However, the findings of our review demonstrate that investment in nutrition alone will not be sufficient to nurture thriving individuals and communities. We can expect only small gains in child development from nutrition programming alone.

Focusing solely on reducing the prevalence of stunted growth will also be insufficient to support thriving populations. Stunted growth, defined as height for age more than two standard deviations below the mean of the WHO’s norms, is consistently associated with poor child development. Thus, stunted growth is often used as a proxy for stunted development.

Across all of the 75 programmes that we reviewed, effects on height-for-age z-scores were not associated with effects on cognitive, language, or motor scores. This means that when programmes had positive effects on growth, they did not necessarily have corresponding positive effects on child development, and vice versa. This contradicts the assumption that improvements in growth will correspond to improvements in neurodevelopment.

Stunted growth is a marker of an environment that constrains growth and development through partly overlapping mechanisms (Prado et al., 2019b). Faltering in linear growth and in neurodevelopment share some causes, but also have some distinct causes. We need to implement programmes that address risk factors for poor neurodevelopment in the population, and not assume that improved growth alone will appreciably improve child development.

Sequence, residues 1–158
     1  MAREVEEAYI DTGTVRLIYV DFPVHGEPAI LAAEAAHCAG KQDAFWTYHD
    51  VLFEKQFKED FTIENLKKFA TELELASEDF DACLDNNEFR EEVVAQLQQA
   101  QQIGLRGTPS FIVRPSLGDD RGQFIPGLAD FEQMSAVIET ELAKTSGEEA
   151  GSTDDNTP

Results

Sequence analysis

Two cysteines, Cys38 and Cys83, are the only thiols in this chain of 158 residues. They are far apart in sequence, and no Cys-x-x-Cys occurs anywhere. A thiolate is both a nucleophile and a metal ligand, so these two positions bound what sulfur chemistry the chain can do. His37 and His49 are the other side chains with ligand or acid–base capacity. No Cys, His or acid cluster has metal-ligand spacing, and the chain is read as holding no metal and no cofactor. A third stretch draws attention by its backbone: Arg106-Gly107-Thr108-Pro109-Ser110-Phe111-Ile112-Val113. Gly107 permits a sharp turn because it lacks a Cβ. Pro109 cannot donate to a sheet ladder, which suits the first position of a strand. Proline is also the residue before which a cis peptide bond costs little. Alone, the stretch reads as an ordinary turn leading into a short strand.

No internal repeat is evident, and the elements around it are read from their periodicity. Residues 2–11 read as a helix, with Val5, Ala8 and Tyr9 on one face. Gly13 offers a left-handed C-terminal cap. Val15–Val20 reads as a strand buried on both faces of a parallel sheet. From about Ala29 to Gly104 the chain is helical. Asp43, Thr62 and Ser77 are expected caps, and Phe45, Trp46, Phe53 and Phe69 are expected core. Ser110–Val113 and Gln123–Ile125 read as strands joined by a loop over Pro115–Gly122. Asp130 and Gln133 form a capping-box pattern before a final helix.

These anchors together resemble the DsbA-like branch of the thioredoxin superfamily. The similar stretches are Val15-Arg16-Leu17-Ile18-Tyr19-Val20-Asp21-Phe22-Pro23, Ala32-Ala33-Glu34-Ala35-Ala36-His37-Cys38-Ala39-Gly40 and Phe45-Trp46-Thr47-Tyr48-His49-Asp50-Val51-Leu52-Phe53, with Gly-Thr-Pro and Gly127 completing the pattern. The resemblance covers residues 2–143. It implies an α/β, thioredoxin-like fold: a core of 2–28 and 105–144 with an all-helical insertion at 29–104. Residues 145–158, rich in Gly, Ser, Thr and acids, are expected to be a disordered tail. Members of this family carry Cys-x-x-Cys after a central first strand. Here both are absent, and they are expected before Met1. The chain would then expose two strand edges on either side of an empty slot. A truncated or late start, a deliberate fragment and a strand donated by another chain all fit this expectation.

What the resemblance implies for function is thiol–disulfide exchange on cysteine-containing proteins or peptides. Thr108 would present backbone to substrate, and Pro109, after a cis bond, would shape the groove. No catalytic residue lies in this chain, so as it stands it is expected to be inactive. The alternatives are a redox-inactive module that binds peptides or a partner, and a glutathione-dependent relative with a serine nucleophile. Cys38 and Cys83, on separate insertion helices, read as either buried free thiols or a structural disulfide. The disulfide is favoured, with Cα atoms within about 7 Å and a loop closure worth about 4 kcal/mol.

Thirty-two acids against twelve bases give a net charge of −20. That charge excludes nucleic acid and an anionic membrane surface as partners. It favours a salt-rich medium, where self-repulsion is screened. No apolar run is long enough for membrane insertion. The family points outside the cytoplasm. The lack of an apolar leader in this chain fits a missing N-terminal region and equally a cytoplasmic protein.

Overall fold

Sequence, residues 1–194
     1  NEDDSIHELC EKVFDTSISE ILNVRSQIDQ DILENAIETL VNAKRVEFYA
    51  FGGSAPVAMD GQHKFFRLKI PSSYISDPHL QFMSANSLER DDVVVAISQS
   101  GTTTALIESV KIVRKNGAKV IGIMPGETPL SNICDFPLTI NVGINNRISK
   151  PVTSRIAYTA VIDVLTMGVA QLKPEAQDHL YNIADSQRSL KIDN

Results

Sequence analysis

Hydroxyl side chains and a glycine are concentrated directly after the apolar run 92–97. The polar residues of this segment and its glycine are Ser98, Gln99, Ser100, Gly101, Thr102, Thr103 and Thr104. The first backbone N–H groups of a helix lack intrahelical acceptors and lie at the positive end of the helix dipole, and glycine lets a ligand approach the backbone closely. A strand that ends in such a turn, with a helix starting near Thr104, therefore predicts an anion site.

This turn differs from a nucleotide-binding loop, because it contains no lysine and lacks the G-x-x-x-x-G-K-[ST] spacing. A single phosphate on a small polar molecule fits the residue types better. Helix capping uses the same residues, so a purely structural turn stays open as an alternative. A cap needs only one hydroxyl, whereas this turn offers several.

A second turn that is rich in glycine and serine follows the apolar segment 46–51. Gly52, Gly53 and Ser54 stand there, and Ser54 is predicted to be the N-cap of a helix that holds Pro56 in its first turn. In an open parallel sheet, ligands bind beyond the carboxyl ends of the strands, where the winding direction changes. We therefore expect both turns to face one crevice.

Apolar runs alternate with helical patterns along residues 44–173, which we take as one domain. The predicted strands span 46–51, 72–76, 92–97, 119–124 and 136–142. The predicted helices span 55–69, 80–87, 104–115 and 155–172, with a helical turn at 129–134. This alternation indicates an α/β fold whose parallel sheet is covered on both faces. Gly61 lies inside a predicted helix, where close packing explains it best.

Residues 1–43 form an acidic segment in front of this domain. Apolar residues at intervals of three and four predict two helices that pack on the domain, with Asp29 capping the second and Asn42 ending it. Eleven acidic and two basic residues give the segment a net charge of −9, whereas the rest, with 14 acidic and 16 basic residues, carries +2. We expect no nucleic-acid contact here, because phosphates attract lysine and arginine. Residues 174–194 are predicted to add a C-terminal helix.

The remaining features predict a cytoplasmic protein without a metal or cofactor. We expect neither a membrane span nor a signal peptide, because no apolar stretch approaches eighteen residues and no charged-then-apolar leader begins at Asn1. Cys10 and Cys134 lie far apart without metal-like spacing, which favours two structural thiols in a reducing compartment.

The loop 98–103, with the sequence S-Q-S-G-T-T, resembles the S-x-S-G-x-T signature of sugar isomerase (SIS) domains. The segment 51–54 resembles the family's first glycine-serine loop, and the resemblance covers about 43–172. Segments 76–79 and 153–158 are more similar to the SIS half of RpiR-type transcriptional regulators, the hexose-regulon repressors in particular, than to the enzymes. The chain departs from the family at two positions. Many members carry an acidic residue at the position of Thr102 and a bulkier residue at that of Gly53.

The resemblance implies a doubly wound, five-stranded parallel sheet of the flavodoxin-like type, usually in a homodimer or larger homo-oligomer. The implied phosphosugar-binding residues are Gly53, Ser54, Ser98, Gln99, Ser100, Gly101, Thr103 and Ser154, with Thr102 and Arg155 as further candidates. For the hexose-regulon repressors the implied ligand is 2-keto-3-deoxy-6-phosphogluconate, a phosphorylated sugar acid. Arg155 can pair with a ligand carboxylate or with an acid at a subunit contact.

We also need to build on the resources cited above to create an evidence-based comprehensive intervention package that addresses the causes of faltering in neurobehavioural development. Critically, we need to determine what intervention packages and implementation platforms can be delivered at scale to most cost-effectively improve child development, thereby leading to not only taller, but more thriving populations.

References are available in the PDF version of this article.

Elizabeth L. Prado Assistant Professor, Department of Nutrition and Institute for Global Nutrition, University of California Davis, USA
Leila M. Larson Assistant Professor, Department of Health Promotion, Education, and Behavior, University of South Carolina, Columbia SC, USA
Anuraj H. Shankar Senior Research Scientist, Eijkman–Oxford Clinical Research Unit, Eijkman Institute for Molecular Biology, Jakarta, Indonesia, and Centre for Tropical Medicine and Global Health, Nuffield Department of Medicine, University of Oxford, UK
Topics Children Education Health Learning Neuroscience Parents Research